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February 23, 2023
This Black History Month, and year-round, television and radio broadcasters provide Americans' most trusted news and a meaningful, personal connection to local events and businesses.
Burlington, Vt., station WCAX 3, owned by Gray Media, went to a local museum established at the home of President Lincoln’s son to explore their community's unique connection to national history. "It’s very central to our mission to educate and inspire others to encourage civil civic discourse, but also the preservation of this nation’s history in a context that’s not just limited to Vermont or Hildene as a place, but to Hildene as a wider idea as part of the Lincoln legacy," the museum’s Exhibits Manager Jesse Keel told the station.
Hearst Television's KCRA3 in Sacramento, Calif., visited an event to promote Black-owned businesses and gave vendors the opportunity to share their stories with the station's audience. "It's great to see Black businesses getting support in the community, and this is a great venue to do that," said business owner Tessa Scott.
iHeartMedia's KIIS-FM in Los Angeles, Calif., highlighted a local Black-owned bookstore's efforts to celebrate diverse authors and connect the community to these stories. "A month where we celebrate Black authors and activists and politicians, and to think that in some small way I am contributing to that celebration by being the first Black woman to open a bookstore in Pasadena – it means so much to me," owner Nikki High told the station.
Stations also explore their community's history and share stories of local legends and future leaders. Radio station group Audacy launched a podcast on the birth of hip hop this month, which New York City news station 1010 WINS highlighted as part of their ongoing Black History Month coverage.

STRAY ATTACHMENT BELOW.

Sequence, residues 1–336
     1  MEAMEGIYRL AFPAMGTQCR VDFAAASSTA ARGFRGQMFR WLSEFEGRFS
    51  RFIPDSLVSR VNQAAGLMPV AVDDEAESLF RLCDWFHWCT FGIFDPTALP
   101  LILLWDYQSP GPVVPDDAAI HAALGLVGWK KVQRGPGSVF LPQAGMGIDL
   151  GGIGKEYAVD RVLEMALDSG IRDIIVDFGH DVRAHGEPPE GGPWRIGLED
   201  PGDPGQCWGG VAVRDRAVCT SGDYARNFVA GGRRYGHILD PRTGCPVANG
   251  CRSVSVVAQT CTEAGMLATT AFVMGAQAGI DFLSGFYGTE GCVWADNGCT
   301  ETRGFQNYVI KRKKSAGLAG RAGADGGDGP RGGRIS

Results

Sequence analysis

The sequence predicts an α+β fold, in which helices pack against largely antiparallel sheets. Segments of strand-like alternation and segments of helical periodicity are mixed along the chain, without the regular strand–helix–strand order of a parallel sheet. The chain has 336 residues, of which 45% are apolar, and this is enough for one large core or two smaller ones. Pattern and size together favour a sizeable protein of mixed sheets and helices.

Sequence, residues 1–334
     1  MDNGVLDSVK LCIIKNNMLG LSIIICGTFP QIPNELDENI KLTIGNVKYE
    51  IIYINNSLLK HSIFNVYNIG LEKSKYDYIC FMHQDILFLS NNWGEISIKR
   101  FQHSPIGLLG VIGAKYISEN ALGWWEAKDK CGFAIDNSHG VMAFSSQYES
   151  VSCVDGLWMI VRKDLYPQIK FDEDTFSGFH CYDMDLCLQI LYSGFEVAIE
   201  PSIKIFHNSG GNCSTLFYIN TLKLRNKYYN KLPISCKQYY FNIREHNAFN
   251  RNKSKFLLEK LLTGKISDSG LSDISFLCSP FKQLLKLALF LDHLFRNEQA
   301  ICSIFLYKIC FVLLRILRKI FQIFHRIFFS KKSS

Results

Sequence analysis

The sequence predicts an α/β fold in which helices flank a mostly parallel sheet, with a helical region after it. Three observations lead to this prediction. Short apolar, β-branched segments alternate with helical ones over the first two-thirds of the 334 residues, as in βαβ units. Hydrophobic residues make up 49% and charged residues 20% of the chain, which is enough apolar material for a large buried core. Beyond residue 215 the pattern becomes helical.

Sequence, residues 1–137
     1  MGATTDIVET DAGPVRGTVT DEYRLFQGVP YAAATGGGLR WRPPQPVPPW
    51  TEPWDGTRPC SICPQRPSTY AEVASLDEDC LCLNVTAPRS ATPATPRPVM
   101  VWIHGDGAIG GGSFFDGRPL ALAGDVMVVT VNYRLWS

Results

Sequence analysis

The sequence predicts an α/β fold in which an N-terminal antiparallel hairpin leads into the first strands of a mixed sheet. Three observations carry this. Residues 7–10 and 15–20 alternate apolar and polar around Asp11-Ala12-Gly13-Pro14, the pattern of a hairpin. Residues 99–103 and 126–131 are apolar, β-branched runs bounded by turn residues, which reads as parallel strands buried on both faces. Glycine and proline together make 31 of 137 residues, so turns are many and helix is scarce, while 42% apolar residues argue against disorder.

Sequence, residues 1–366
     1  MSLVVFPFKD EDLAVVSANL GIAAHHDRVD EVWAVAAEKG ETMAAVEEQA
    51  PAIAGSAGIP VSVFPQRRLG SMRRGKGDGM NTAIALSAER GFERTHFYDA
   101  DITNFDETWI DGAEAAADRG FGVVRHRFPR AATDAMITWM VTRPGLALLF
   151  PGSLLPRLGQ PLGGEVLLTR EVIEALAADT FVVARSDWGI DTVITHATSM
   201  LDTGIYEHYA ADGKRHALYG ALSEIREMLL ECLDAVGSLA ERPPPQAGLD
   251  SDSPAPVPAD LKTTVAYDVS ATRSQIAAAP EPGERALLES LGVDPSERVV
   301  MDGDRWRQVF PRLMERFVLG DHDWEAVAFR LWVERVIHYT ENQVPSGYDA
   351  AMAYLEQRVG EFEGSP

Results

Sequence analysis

Graham Media Group’s News4Jax in Jacksonville, Fl., provides extensive Black History Month coverage, including stories ranging from the local connection of legendary journalist Ida B. Wells to a profile an orthodontist who hopes to inspire young people to the medical profession. "Many times, I come to the office and during my consultation, they’re like, ‘Oh, you’re the doctor?'" Dr. Kahlil Orsborn told the station. "I want young people to know that, 'Hey, you can wear the white coat. You can be a doctor.'"
Gray Television station WTOC 11 in Savannah, Ga., looked at the history and future of a predominantly Black neighborhood along the city’s MLK Jr. Blvd, connecting their local community’s story to national trends.
Cox Media Group’s WHIO-TV 7 in Dayton, Ohio, profiled legendary Black figures who have influenced their community from the national to the local level. It’s this local, personal connection to national news that makes broadcasters’ work so special to their communities.
More than 2.47 million American jobs depend on broadcasting, and the local broadcast radio and television industry - and the businesses that depend on it - generate $1.17 trillion annually for the nation's economy.